You are going to hate this, of course, since everyone and his brother, cousin, aunt, whoever, is bitching about places that make you wear masks. I have one that looks like a free floating turtle neck I can just pull up over my nose and mouth. It’s not approved by anyone, but it doesn’t make my nose break out or cause redness, which is a problem for those of us with sensitive skin.
As a long time observer of everything, I have noticed one thing about mask wearing that just touches me right in the center of my feel good center. I spend a lot more time looking at eyes now, and I proclaim them first, good, and second, absolutely beautiful in some cases. I’m not talking about sex here. It’s not that eyes release my inner beast (which has spent a lot of time at rest over the years).
I have noticed this as much in the eyes of men as in the eyes of women, so it has been an equal opportunity kind of observation for me. I get the same feeling when I stare into my dog’s eyes, which I try to do at least once a day because they seem so honest and soulful. But there’s no mask there to hide the other features, just lovely brown eyes and a nice black nose at the end of the muzzle and fierce teeth that could rip a big hole in you any time she wants to.
But back to human eyes and what they reveal.
It’s just something that I learned long ago as a reporter who conducted a lot of formal and informal interviews. I found the first important thing one had to do in those kinds of relationships is lock on to the person’s eyes, and stay locked there for as long as it takes to complete the questioning. It lets the person you are interviewing know that you are paying close attention, and that can’t hurt in many cases, particularly where you are trying to get honest responses.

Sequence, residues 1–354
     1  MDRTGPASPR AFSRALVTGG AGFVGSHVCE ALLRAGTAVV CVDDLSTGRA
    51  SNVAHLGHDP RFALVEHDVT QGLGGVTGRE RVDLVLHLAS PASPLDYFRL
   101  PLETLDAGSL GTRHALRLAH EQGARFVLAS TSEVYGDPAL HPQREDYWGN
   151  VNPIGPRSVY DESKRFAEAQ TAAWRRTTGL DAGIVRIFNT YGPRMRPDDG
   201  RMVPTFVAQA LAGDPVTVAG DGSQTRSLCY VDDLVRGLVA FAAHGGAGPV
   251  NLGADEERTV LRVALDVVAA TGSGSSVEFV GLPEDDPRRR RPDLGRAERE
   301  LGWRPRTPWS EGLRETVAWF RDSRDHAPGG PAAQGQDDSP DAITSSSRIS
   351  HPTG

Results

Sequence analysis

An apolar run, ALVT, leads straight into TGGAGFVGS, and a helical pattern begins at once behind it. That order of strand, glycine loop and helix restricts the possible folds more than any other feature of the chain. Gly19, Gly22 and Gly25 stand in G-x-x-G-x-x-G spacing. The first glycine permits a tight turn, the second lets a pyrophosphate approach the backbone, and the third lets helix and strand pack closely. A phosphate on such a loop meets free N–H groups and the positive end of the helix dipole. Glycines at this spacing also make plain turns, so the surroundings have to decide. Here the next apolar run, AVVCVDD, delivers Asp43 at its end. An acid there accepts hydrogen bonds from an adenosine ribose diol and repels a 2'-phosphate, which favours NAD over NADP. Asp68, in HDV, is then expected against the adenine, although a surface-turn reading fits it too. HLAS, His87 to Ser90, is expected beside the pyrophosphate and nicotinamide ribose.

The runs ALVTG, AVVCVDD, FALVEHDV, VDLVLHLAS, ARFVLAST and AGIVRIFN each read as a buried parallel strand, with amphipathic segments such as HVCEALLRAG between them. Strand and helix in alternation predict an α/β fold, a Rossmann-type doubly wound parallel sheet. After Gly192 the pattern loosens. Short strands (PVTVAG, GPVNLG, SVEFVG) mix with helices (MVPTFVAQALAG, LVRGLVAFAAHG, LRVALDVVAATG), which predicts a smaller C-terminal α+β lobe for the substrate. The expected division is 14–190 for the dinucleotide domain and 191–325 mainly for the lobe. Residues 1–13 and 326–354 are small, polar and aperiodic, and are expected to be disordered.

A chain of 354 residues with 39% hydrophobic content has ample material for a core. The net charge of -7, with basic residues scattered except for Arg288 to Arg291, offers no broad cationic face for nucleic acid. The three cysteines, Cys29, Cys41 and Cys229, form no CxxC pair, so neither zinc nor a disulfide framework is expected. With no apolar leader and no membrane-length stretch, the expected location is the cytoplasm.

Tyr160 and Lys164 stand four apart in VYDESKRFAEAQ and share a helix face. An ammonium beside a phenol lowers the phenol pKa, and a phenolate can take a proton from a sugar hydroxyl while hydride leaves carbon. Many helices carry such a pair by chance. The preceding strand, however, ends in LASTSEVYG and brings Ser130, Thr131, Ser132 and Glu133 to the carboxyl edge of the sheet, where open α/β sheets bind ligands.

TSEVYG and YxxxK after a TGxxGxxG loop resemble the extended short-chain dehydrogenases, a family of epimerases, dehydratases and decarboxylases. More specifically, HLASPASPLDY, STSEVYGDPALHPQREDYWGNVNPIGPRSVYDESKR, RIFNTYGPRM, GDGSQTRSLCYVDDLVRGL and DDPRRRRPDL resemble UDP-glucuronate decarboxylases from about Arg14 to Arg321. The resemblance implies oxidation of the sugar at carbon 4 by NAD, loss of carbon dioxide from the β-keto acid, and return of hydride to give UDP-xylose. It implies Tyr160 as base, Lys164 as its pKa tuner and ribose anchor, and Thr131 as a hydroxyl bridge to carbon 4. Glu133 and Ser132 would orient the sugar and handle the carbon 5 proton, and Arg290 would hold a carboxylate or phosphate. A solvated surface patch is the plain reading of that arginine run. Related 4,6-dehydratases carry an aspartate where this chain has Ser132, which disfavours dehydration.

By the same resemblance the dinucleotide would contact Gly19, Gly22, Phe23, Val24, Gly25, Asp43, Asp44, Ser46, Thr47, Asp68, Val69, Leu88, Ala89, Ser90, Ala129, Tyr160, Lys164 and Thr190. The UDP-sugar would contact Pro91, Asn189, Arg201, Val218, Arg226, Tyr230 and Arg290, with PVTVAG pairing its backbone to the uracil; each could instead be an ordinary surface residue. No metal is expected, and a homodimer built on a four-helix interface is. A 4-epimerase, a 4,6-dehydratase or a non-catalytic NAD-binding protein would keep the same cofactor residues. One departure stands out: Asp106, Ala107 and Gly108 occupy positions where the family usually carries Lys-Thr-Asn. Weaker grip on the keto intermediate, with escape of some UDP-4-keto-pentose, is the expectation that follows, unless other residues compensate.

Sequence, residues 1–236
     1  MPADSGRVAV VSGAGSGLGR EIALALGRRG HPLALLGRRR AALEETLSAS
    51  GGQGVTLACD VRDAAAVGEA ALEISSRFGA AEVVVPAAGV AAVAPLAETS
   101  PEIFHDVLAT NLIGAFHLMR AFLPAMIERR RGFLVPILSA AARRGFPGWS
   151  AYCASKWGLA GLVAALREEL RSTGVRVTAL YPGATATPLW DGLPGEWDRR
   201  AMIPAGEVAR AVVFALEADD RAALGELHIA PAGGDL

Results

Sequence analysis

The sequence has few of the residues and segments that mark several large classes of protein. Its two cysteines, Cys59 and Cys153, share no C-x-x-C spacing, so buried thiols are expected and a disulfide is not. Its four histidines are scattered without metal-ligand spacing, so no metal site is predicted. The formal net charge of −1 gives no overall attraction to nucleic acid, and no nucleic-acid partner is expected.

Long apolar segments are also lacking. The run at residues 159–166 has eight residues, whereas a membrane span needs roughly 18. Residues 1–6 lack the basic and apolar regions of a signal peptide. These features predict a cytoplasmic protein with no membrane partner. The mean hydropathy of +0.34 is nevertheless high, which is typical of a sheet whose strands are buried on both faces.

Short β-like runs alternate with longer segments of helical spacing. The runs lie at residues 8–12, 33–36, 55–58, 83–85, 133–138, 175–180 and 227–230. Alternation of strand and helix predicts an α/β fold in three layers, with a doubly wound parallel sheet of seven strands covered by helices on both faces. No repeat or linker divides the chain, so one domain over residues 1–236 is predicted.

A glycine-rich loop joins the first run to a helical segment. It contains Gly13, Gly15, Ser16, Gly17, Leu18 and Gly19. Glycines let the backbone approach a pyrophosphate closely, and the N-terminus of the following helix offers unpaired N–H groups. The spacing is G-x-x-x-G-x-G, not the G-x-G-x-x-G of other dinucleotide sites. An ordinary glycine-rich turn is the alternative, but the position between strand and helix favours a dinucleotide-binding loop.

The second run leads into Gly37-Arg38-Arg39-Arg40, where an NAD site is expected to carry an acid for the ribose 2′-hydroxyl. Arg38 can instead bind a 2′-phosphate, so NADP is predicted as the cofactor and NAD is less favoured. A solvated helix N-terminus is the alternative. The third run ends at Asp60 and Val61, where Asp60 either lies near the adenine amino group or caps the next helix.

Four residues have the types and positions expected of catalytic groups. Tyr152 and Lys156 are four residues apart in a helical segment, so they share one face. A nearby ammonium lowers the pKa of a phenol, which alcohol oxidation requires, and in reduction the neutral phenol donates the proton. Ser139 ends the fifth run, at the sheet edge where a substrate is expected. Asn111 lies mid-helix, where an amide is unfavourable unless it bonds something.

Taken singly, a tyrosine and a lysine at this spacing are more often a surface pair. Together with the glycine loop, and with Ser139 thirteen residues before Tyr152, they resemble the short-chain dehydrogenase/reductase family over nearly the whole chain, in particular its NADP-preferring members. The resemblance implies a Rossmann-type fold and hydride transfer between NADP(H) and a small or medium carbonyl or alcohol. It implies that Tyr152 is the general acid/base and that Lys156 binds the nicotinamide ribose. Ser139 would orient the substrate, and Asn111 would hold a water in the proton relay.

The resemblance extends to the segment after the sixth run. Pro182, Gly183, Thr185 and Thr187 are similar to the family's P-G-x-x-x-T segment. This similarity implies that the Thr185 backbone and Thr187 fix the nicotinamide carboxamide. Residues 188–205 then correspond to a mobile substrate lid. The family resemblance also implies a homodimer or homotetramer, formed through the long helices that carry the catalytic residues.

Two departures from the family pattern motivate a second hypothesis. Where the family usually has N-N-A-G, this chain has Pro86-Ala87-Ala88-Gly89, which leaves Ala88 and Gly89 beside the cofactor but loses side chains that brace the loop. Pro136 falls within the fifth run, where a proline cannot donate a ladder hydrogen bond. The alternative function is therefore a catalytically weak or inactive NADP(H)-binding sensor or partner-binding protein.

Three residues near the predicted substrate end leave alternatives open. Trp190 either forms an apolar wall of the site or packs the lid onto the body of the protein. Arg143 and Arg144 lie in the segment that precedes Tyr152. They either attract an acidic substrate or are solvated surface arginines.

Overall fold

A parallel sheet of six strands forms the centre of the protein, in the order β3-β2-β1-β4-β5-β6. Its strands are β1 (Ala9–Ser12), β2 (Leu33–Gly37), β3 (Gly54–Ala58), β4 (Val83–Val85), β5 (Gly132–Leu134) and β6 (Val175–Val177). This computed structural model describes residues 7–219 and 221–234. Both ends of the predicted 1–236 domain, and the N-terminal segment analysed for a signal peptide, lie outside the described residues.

It also makes some people very uncomfortable, which can work to your advantage sometimes. Your gaze has to be honest and open, a hidden tool that sends a hidden message to the person you are talking with. You expect them to be as honest and as open in return.
So I am trained by experience in that.
But I’m not a reporter any more, unless you consider this reporting. That would be quite a stretch because it’s mostly just what I think, an urge I suppressed most successfully over 30 years of journalism but feel free to blast forth on these days.
And what I think about this is that I am going to miss masks when we stop wearing them, at least a little bit, because they are an invitation to look into a person’s eyes, to see what you can see there. Nothing gets in the way of that, not lips, not hair, not chin, not skin.
It’s the eyes that count when someone is wearing a mask.
I know this because when I watch at a distance, I can see when people are expressing delight, humor, sadness, a whole notebook full of emotions, with their eyes. We see with them, obviously, but I would argue we talk with them, too.
I went to dinner at a very sunny restaurant recently and my wife and I both had to wear our shades. I didn’t tell her this, but I could not tell whether she was enjoying her pretty good meal because I could not see how her eyes were reacting when she talked to me about it. The chicken was a little dry, she said, but she loved the soup and the rice with dill. I liked mine too, but I wasn’t able to show it with my eyes, protected as they were by the very same kind of sunglasses President Biden wears, Ray Bans I think.
I have even noticed this on the rare events during the Covid crisis when I have been able to watch live music, or perform it for that matter. You can see when someone loves a song they are playing or singing, and where you see it the most is in their eyes.
Why does this happen?
I don’t know.
But I do know that poets have forever described eyes as windows on the soul, which means there is actually a soulful component to wearing a mask; not only are you protecting yourself and anyone nearby, you are opening the windows of your soul to anyone who wants to pay close attention.
I will be happy to see the masks go, of course. It’s hard to work out in them, its hard to talk and hear in them.
But I think I will try again to train myself to look into people’s eyes when I talk to them, even when they are not masked. There is genuine beauty, truth, anger, whatever emotion you want to find, when you look into those eyes.